AI and big data

With more than 2.5 quintillion bytes of data generated every day, only artificial intelligence can process it effectively enough to allow ESG investors to be more objective.

The financial industry is shifting its focus towards sustainability. In his 2021 letter to CEOs, BlackRock CEO Larry Fink announced that the institution will immediately stop investing in companies that “present a high sustainability risk” and that it will make sustainability an integral part of its investment strategy.

Sustainability is also high on the agenda of many commercial banks – such as Barclays, HSBC, Morgan Stanley and Santander, among others – which are increasingly implementing initiatives to align their financing portfolios with the 2050 global climate targets.

However, to fulfil their commitment to sustainability, financial institutions need to address the sustainability data gap. Due to a lack of objective and standardised sustainability information, financial institutions have been facing troubles measuring the environmental, social, and governance (ESG) performance of their portfolios.

Artificial intelligence (AI) might be the way forward. After all, in a world where more than 2.5 quintillion bytes of data are generated every day (a quintillion has 18 zeros), large amounts of ESG information is already there, although often unstructured. AI could analyse all of this unstructured data, allowing investors and banks to analyse ESG data that are more granular and objective.

AI and alternative data

Every day, a tremendous amount of data is generated through social networks, news websites, blogs, and many other sources. Financial institutions can use natural language processing – a field of AI specifically aimed at understanding and deriving meaning from human language – in combination with big data analytics to scan large amounts of web sources in almost real-time.

In doing so, they can discover ESG risks and opportunities at an early stage. For example, the data might show that a borrower is investing in autonomous delivery to reduce its carbon footprint, but they might also show that one of its suppliers has consistently been violating human rights. TruValue Labs, a San Francisco-based company, already uses a combination of natural language processing and big data analytics to provide ESG insights into more than 16,000 listed companies.

Dutch investment firm NN Investment Partners has also started using natural language processing, big data analytics, and machine learning. But instead of analysing written text, the firm analyses speech in company conference calls. This allows them to better capture a manager’s attitude towards ESG.

Using AI to analyse content to capture the beliefs and sentiments towards a firm’s ESG performance… has major potential for applications in sustainable financing

This process of using AI to analyse content to capture the beliefs and sentiments towards a firm’s ESG performance is called ‘sentiment analysis’, and it has major potential for applications in sustainable financing.

But the use of AI in sustainable financing goes much further. The variety of data sources financial institutions can leverage through AI is huge.

UK start-up Cervest, for example, combines satellite imagery and other environmental observational data with AI and machine learning to model climate risk. Investors and banks can use this to effectively incorporate climate risks in making their financing decision. Satellite imagery can also be used to model an organisation’s direct environmental impact by evaluating deforestation and river pollution.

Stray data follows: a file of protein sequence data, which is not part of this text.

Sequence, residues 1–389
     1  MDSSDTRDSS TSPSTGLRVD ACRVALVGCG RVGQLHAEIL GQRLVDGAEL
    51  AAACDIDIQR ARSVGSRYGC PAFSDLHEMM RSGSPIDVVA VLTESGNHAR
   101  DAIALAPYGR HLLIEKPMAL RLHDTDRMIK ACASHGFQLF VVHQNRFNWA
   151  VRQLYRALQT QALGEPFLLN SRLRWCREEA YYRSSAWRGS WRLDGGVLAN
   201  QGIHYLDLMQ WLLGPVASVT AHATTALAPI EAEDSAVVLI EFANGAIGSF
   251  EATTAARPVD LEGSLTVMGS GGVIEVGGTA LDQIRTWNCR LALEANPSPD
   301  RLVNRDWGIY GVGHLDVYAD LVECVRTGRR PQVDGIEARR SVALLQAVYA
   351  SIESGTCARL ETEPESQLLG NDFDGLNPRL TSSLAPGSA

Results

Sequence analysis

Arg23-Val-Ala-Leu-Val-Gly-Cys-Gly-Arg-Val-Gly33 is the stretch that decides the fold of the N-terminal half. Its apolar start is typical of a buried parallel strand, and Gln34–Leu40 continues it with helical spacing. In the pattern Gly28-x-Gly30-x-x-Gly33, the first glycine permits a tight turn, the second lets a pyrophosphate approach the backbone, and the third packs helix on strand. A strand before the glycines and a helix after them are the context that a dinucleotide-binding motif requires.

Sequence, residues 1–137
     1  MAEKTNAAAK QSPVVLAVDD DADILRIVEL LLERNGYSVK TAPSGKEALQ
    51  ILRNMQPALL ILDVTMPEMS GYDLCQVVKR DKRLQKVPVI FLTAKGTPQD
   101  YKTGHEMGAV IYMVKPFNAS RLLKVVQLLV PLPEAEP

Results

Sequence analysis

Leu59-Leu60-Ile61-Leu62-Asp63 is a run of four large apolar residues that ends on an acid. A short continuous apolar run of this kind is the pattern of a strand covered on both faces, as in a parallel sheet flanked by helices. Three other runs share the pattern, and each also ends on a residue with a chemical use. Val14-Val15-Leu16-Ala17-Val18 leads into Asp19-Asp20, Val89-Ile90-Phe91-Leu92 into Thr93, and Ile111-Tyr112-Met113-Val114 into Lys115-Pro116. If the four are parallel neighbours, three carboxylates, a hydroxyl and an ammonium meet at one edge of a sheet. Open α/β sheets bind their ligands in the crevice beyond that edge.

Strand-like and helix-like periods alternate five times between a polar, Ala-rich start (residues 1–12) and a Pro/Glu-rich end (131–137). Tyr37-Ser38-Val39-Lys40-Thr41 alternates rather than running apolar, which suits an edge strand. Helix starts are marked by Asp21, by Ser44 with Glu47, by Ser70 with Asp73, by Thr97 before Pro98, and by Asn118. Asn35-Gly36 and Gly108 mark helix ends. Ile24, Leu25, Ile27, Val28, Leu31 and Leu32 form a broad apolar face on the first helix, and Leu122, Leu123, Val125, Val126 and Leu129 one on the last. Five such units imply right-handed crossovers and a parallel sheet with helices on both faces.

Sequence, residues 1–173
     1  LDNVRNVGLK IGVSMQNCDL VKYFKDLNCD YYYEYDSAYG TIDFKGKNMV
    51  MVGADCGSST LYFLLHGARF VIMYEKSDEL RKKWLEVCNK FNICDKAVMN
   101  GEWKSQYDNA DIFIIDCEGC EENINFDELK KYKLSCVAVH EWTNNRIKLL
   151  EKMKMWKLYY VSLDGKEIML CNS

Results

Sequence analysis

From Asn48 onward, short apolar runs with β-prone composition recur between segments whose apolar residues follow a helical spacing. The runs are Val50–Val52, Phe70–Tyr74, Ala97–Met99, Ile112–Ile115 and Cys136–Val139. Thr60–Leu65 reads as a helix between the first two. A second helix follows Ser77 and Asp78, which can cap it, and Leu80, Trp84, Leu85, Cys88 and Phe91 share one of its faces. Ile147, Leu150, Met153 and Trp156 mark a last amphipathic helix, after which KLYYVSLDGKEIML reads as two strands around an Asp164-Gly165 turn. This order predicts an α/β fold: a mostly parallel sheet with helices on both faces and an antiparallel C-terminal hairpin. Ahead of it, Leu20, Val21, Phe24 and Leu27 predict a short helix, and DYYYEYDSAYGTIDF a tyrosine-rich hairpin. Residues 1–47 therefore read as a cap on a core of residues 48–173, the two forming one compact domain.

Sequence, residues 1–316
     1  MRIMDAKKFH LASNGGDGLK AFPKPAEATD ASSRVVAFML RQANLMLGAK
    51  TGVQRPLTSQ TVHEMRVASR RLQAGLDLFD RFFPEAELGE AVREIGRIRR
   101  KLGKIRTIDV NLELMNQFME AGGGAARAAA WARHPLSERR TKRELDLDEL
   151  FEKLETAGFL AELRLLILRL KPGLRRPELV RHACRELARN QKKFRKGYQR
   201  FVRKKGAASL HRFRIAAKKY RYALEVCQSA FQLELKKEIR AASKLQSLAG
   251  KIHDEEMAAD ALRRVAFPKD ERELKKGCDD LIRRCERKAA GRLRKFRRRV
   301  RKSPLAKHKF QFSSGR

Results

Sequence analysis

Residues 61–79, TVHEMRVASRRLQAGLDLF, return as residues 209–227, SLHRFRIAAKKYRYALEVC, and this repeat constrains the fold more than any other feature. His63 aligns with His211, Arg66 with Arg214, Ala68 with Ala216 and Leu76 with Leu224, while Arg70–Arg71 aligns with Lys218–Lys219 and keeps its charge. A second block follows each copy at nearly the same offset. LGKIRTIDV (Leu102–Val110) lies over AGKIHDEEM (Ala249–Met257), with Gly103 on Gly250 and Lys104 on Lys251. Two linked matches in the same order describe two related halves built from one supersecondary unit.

A firm’s societal impact, on the other hand, can be determined using telecommunications and demographic data. Using data aggregated from telecommunication providers, Distilled Analytics, a Boston-based company, was able to show the increase in local gross domestic product associated with firm investment. 


Small and medium-sized enterprises (SMEs) account for more than 95% of all businesses worldwide and, consequently, for the majority of social and environmental impacts. Since many SMEs are private and rely on banks and private equity investors for financing, banks and private equity investors can have a considerable impact by holding their portfolio companies accountable.

However, the data quality problem is even worse for private firms, as they are typically smaller and have fewer resources to conduct sustainability audits. AI models now provide a way for banks with large SME portfolios and private equity investors to also measure the sustainability performance of their portfolio companies. After all, private firms get media coverage too, and satellites do not discriminate between listed and non-listed firms.

Overall, AI and big data analytics are powerful tools that can aid financial institutions in making their financing decisions. They are fast, provide an almost real-time analysis and help elicit more objective information by combining multiple data sources. Using AI, therefore, decreases the uncertainty inherent to sustainable finance.

By buying a minority stake in Clarity AI, a tech platform that uses big data and machine learning to provide sustainability insights, BlackRock recognises the importance of AI in helping it deliver on its promise of becoming more sustainable. As a leader in the industry, BlackRock is setting an important example and driving the transition towards AI for sustainability. Both the technology and the data are already there, and it’s likely that many other financial institutions will quickly follow.

Bjarne Brié and Kristof Stouthuysen are members of the Centre for Financial Leadership and Digital Transformation at Vlerick Business School in Belgium.


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